Friday, July 26, 2013

Evening ride to the Cafe House

Yesterday was a busy day.

The last two weeks we had to bring in the hay, bales and bales of hay. Just when the first batch was in from the field, a guy who provides us good quality hay called and said, his hay was ready for pickup and off we went shuttling hay in the hay wagon from his place to ours. Hubby throws all the bales by hand up. Some weigh 12-14 kgs (so about 22-28 lbs) and the round bales we get from the other guy, weigh about 22-25 kgs (44-50 lbs). In between mowing our lower field and a week later the upper field the straw delivery arrived. Hubby throws all the straw bales by hand into the loft too. Of course, I'm the one who stacks. Slowly over the last weeks, the barn filled to brimming. And, although we have almost no more room, hubby is thinking about mowing a steep mountain field on the property, which we will have to bring in by hand due to the steepness (well, a little ways until we can get it to the tractor). Phew.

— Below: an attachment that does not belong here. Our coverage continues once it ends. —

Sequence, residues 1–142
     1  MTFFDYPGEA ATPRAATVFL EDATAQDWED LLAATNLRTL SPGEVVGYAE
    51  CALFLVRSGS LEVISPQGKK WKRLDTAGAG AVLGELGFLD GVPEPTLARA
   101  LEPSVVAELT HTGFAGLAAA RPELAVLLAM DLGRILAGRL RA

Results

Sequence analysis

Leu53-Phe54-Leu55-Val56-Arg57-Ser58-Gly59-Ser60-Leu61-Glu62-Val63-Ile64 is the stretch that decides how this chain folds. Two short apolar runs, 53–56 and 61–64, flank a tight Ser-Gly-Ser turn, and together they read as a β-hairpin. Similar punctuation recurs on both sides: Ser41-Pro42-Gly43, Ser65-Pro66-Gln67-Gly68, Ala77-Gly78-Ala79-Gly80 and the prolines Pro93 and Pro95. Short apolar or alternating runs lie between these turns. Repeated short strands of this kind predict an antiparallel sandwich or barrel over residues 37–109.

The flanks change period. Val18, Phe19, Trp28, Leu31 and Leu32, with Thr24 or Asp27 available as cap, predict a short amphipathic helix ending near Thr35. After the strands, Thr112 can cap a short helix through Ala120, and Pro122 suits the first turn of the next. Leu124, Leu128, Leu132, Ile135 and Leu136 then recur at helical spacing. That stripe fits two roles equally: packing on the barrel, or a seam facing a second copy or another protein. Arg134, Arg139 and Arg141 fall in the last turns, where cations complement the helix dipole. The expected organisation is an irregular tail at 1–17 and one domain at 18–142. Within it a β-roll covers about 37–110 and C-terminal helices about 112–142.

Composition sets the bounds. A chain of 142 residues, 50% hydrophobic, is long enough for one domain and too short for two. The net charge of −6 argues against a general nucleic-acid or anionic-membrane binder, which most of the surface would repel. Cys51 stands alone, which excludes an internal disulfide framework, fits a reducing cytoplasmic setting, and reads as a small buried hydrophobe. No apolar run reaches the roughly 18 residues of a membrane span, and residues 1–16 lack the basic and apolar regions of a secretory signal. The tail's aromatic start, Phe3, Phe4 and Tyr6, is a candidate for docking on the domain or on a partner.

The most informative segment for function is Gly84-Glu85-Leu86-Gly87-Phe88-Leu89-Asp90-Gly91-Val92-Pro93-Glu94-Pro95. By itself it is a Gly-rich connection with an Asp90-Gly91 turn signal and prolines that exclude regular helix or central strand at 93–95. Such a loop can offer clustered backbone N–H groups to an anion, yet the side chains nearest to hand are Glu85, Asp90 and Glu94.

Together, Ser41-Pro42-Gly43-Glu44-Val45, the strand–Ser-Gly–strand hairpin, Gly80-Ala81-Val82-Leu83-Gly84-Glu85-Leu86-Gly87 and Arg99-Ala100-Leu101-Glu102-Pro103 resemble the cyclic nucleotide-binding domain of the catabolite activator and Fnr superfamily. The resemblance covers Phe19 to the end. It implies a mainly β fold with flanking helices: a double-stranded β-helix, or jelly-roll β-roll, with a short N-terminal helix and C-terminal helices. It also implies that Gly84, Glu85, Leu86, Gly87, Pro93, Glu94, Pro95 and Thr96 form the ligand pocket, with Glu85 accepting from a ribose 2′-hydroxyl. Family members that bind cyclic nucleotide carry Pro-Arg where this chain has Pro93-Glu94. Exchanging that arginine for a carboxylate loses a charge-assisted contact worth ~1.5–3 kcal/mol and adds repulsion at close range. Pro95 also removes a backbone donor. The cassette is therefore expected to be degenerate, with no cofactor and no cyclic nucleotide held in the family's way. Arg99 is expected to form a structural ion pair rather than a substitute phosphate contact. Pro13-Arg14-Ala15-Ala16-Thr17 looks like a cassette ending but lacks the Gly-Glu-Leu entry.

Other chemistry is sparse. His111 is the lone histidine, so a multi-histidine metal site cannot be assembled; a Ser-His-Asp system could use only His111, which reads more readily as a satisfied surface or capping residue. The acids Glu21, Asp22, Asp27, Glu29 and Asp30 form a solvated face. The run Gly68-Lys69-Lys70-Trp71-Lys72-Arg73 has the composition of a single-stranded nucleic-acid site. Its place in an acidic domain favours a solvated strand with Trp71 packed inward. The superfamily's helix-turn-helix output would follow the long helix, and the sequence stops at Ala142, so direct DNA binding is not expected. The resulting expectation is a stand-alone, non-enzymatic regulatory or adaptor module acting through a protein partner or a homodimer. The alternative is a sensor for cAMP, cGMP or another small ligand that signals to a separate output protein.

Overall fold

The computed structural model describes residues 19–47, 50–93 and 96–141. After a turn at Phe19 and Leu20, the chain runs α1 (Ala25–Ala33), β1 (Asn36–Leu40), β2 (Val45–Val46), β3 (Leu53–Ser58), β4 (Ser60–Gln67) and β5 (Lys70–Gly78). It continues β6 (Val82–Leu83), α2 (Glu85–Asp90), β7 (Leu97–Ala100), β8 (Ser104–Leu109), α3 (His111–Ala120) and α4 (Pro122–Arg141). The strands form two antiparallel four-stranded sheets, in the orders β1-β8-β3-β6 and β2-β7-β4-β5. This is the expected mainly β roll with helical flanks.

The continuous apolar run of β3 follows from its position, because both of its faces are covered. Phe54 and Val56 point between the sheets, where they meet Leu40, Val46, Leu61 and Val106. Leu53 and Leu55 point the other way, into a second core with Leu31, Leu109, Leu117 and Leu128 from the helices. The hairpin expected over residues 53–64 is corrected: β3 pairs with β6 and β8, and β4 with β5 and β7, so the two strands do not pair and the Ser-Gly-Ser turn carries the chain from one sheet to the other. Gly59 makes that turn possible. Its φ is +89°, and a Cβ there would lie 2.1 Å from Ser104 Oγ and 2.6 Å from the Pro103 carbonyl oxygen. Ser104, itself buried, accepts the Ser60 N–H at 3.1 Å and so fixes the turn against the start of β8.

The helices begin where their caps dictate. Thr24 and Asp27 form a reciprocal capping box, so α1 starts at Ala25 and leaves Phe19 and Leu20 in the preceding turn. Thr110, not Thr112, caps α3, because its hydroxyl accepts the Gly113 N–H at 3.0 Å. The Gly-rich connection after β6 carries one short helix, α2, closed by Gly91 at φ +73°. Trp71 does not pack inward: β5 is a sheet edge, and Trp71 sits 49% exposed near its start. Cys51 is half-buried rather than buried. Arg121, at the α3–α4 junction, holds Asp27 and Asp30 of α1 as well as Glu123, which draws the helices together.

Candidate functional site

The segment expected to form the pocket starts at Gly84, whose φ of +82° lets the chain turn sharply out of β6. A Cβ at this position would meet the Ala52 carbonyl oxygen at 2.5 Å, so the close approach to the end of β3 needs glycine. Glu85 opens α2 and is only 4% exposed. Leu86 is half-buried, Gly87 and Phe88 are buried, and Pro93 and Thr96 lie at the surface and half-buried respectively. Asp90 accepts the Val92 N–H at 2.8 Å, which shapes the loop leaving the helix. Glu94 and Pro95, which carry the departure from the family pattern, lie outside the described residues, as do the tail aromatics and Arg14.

In all this, there was little time to do anything with the horses. And, with the extreme heat we've been having, the horses weren't really inclined to do anything either, given the biting horseflies and mosquitos after the flooding this year. We've been sweltering now for several weeks, which is the reason why it was a great haying season. So, yesterday my friend dropped by, while I was slowly catching up on left over chores. Giving the boxes a good sweeping out, instead of the rush rush mucking out while haying was going on. Clooney got a bath (he wasn't feeling very well in the heat), Billy Jack got a bath, and all the stallions got a good romp about. Cleaning, chatting, washing, putting things away the day went on. Washing was great because we got to cool off too as the water hose sprayed about.